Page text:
New Asian American Employee Survey Shows Lower Satisfaction
NEW YORK, May 15, 2019 — Results from Asia Society’s 2019 Asian Corporate Survey, which examines the perceptions and lived realities of Asian Pacific American (APA) employees in the U.S. workplace, show a slight but steady decrease over the last two years in Asian and APA employee satisfaction with professional growth opportunities at their companies, while some companies have notably made progress in their workplace diversity practices and initiatives.
Published by Asia Society today, the Executive Summary from Asia Society’s tenth annual Asian Corporate Survey analyzes how APA employees in the United States evaluate the performance of their companies across five key dimensions: Diversity, Professional Growth, Employee Resource Groups, Workplace and Work-Life Insights, and Overall Satisfaction and Belonging.
More than 2,500 employees participated in the survey, which included over 500 non-APA employees in order to provide greater context for comparison and benchmarking in how they viewed their companies. Almost 70 percent of APA survey respondents identified themselves as first generation. Close to half of the respondents are in technical roles, while 3.4 percent are on the chief executive level.
Two main findings from this report:
- Job Satisfaction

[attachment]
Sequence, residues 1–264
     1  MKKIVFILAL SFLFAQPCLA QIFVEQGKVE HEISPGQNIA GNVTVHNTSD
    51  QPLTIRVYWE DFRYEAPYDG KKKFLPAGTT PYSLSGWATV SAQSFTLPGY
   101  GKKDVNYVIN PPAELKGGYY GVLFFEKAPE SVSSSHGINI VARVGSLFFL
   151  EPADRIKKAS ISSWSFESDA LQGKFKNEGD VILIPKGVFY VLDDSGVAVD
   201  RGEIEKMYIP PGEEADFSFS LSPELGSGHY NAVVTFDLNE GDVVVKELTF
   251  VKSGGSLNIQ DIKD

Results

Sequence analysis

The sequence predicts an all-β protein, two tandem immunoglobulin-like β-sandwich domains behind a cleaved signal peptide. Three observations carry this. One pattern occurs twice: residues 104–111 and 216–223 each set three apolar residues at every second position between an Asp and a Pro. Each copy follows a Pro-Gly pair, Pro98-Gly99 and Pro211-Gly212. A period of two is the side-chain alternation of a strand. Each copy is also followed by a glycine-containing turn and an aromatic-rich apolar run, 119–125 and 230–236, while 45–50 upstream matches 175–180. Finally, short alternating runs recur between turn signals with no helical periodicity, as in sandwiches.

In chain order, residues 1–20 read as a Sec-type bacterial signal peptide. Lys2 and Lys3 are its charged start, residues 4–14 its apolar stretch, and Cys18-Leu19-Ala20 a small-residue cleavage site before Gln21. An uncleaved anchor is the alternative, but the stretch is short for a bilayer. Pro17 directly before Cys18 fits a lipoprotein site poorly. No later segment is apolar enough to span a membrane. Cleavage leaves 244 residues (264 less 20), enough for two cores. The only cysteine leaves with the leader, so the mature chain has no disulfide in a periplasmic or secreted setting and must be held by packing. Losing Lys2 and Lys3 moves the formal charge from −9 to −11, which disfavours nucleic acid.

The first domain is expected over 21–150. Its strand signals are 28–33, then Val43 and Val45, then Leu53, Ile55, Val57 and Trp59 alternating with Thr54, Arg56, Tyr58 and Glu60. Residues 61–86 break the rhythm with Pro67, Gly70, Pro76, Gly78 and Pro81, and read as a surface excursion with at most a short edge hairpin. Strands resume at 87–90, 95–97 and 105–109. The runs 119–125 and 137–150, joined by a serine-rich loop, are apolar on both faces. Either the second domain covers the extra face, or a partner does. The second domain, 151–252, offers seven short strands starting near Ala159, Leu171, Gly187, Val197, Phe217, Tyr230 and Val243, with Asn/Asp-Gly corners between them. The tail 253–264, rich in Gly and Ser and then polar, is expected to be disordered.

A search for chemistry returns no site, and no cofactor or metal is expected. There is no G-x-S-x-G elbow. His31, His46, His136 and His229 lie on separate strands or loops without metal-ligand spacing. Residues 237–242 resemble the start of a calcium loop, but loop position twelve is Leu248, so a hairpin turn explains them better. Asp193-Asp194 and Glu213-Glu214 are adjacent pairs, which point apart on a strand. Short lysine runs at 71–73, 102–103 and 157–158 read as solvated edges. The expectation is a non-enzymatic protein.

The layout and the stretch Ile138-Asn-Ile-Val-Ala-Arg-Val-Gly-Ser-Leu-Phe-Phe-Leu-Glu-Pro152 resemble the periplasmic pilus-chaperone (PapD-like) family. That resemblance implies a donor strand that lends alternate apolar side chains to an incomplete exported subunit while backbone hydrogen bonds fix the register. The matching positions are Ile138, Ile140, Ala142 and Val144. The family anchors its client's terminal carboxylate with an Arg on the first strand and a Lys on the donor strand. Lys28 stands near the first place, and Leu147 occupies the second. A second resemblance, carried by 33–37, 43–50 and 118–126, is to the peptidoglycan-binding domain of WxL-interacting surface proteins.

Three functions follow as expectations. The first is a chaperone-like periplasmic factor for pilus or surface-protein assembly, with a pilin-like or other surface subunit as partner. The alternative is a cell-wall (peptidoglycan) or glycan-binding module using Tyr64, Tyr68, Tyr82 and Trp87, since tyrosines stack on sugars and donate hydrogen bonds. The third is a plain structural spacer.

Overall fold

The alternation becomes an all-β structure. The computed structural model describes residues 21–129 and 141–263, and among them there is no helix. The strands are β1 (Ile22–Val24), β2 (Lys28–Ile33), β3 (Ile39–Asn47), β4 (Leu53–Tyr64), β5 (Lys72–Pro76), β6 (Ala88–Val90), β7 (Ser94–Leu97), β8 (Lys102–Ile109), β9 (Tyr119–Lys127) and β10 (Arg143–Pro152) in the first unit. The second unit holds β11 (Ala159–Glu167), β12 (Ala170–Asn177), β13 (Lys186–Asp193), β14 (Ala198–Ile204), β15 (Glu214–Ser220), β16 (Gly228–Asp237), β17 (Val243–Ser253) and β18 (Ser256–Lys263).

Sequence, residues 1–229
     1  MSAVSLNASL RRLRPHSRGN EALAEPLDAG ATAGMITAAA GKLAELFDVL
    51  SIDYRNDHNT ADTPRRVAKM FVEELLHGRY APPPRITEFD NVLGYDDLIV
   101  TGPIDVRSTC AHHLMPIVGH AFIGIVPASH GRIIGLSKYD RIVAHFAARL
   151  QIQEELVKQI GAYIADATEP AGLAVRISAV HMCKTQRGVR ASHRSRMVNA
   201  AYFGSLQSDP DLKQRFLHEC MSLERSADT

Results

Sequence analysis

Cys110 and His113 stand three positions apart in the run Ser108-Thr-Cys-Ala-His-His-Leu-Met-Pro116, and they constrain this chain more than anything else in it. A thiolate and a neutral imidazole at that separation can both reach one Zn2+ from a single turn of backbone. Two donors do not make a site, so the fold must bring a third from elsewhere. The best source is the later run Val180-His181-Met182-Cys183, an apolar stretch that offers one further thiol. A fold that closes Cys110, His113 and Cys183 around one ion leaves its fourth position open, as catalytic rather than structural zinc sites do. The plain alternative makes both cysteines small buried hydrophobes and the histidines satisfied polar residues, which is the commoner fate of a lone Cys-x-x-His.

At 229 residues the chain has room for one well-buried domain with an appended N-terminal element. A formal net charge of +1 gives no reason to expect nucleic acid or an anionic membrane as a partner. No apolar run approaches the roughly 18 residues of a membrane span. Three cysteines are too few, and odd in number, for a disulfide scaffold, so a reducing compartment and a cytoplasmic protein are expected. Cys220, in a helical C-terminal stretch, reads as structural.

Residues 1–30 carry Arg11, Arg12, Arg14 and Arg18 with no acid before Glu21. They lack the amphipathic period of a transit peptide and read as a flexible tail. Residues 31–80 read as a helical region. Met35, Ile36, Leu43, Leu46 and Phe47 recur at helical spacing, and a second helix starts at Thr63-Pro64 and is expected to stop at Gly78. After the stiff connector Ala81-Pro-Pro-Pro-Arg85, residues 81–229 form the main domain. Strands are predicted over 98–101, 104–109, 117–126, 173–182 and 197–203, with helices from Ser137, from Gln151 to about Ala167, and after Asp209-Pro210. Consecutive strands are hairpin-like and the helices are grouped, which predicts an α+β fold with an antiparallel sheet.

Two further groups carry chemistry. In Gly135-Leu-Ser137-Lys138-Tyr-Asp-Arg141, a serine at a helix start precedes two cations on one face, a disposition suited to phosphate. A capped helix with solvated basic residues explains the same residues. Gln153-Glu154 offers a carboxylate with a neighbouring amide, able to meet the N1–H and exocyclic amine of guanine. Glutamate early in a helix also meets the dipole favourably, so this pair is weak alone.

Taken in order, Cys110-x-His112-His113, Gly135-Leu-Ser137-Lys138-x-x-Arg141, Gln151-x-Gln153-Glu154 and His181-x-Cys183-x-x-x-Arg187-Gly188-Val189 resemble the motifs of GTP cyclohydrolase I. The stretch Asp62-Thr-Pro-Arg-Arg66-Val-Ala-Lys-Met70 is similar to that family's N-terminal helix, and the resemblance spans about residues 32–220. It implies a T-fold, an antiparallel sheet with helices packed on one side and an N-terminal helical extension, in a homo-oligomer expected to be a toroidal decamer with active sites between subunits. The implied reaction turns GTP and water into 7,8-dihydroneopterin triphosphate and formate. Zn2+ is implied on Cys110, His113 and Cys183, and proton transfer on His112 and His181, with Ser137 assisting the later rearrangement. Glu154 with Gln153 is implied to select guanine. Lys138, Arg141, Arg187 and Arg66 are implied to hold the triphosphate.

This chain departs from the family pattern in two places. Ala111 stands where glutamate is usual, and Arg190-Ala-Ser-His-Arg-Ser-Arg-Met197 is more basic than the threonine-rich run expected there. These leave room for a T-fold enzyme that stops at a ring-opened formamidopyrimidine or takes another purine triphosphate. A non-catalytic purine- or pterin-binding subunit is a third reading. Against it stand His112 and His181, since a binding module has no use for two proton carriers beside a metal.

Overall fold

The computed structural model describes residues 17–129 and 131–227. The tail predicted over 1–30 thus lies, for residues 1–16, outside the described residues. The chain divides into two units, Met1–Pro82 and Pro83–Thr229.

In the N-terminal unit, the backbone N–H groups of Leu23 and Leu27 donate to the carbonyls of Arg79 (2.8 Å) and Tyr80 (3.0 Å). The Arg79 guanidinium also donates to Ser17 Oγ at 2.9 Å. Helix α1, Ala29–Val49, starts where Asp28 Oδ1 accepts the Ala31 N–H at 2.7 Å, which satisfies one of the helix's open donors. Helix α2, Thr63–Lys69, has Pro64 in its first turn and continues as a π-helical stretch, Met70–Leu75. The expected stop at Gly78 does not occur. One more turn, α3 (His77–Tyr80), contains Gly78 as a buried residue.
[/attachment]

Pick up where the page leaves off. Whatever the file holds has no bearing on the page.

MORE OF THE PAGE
The decrease in job satisfaction, while not precipitous, is still notable as APA employee favorability was trending upwards prior to 2017 in the four-year study. Many APA respondents, in significant contrast to their non-APA counterparts, noted a shortage of company executives and directors from their cultural background and a lack of leadership development opportunities for them.
- Sense of Belonging
APA respondents also cited that they did not feel a strong sense of belonging in the workplace, sometimes due to differences between their personal upbringings and American work culture. For example, one APA survey respondent cited cultural differences in communication styles, noting“our traditional culture of being humble, reserved, and a team player when practiced in a professional setting tends to be misunderstood for being timid, quiet, and lacking in leadership.”.
The report also highlights employers who were previously announced as the winners in Asia Society’s 2019 Best Companies for Asian Pacific Americans for their noteworthy efforts in developing and promoting APA talent.
Discover, named Overall Best Employer by Asia Society this year, for instance runs a company-wide Chinese dragon boat race to help educate their employees on its cultural significance. Goldman Sachs, also an award-winner this year, manages a “Presentation Skills Boot Camp” for their firm-wide Asian Professionals Network to help APA employees enhance their presentation skills.
The gender representation in this survey was approximately equal between women and men, with 0.1 percent identifying as transgender. Almost half of the respondents were Gen X (born between 1965-1981) which may explain the cultural mismatch, followed with millennials (born in 1982-2000), and baby boomers (born in 1946-1964). Almost 60 percent of them have been with their employer for more than five years.